December 24, 2021 ❖ Tags: writeup, hardware, reverse-engineering, tc32, radare2, java
The background for this project is a lesson in avoiding dishonest vendors. Two years ago, I was looking to purchase a smart watch with sleep tracking capabilities; I've always had difficulty sleeping and wanted a way of finally quantifying that difficulty. One of my requirements was the ability to pull data off of the watch without the use of proprietary software, so the only options I was seriously considering were those on Gadgetbridge's "supported devices" list. At the time, I was still in high school, and still awed by the affordability of consumer electronics on websites such as AliExpress (woefully unaware of the ethical implications of supporting a totalitarian state's economy). Moreover, I was somewhat capable of reading and writing 汉语, so the Xiaomi Mi Band 2 fit the bill. I took to Ebay to purchase one, finding a listing for 10.99 USD with free shipping. I ordered it, and things were okay. That is, until the package arrived.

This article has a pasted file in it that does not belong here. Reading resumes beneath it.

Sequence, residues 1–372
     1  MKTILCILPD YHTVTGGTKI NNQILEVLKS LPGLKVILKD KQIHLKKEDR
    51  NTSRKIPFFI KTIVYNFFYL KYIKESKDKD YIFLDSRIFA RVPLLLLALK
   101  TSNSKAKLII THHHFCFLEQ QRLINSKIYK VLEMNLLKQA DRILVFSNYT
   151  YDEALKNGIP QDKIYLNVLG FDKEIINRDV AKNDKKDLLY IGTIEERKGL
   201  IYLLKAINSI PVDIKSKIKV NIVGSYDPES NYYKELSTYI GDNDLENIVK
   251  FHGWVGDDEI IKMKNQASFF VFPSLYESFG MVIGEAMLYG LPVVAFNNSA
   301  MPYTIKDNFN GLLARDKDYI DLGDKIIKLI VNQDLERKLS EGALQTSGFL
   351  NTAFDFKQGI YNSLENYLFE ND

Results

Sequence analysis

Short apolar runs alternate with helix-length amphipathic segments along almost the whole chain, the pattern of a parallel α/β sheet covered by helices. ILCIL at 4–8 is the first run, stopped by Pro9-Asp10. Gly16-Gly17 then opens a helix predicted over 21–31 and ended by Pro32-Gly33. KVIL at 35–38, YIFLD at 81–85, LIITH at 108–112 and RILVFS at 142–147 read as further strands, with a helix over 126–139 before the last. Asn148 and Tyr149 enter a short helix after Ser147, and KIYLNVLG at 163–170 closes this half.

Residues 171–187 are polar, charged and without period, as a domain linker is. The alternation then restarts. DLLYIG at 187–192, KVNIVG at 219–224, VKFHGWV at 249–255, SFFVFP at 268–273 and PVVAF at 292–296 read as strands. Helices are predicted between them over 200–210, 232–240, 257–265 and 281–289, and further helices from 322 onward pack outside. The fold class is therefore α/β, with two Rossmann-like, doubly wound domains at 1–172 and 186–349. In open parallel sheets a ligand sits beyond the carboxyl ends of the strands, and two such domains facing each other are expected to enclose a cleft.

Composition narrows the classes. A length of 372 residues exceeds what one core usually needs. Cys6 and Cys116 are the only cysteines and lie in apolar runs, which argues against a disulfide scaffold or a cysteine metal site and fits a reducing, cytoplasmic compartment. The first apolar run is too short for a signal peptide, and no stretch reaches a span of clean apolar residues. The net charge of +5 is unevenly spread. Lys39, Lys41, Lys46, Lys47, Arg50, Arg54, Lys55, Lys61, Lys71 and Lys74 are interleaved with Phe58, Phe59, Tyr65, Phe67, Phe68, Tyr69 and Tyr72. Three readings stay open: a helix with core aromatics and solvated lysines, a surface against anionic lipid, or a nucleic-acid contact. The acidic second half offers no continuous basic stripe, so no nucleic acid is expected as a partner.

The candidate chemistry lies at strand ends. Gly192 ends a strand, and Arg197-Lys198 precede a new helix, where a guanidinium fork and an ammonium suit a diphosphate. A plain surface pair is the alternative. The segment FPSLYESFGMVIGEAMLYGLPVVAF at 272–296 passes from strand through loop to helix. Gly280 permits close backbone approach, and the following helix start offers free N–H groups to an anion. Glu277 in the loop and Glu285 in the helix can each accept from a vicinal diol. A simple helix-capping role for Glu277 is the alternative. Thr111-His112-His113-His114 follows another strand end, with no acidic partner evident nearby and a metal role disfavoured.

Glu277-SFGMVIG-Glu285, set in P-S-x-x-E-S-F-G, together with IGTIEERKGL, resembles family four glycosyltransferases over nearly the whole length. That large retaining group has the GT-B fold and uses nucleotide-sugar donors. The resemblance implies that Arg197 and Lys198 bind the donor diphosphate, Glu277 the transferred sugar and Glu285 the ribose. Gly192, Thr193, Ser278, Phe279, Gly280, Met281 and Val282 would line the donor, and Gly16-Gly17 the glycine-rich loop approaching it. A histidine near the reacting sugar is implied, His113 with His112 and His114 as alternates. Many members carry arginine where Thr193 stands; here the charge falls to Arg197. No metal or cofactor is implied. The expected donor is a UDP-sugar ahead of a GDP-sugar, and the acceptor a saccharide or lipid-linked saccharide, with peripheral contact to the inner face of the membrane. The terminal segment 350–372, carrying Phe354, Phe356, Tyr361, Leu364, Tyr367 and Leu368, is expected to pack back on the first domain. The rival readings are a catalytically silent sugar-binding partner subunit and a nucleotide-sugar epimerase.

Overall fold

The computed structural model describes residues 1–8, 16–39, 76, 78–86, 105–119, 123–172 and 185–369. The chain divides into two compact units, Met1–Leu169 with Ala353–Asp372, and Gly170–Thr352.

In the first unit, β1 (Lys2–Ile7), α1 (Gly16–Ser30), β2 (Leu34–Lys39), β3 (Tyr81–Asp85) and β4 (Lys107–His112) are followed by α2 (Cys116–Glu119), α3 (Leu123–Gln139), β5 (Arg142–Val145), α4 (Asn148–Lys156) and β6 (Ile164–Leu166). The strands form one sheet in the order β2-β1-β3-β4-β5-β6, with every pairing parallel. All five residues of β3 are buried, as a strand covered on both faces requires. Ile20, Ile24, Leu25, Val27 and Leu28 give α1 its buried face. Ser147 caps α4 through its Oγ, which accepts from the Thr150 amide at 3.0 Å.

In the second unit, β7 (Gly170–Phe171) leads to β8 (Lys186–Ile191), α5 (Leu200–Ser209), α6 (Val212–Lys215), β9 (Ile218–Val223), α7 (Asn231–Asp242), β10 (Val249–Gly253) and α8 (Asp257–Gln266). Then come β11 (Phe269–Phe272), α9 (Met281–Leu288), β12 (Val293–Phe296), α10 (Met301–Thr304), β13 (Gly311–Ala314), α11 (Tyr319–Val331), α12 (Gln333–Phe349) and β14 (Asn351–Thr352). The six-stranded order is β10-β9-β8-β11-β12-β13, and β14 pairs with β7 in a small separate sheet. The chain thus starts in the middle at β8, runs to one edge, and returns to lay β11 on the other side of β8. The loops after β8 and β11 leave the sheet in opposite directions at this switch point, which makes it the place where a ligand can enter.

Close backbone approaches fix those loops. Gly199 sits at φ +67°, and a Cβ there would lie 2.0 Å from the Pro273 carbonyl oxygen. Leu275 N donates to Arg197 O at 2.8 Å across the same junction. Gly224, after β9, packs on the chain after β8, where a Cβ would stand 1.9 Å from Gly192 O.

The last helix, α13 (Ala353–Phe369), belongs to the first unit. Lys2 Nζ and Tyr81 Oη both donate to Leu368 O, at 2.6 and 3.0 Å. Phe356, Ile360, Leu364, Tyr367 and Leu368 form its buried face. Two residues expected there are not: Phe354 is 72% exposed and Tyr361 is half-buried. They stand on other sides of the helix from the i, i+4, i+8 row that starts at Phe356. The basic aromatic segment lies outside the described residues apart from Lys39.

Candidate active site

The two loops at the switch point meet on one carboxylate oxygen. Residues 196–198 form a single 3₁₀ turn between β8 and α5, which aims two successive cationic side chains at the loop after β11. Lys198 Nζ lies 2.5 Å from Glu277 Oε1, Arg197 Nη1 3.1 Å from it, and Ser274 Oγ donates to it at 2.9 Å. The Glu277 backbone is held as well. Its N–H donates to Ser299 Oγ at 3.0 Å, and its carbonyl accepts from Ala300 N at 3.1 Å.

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September 05, 2017 ❖ Tags: tutorial, reverse-engineering, video-games, game-hacking, x86, c++, radare2
At a first glance, it might seem that game cheats like AimTux are something that could only be conjured by the most talented of reverse engineers. That was at least my initial view on it, especially since I always saw these game hackers using outlandish terms that I hadn't heard in over a year of playing in CTF's. Don't be fooled; game hacking isn't nearly as complex as its community makes it seem. In this post, I will explain the concepts in a way that is familiar to people with experience in binary exploitation and reverse engineering, but it shouldn't be too hard to understand if you lack that background.
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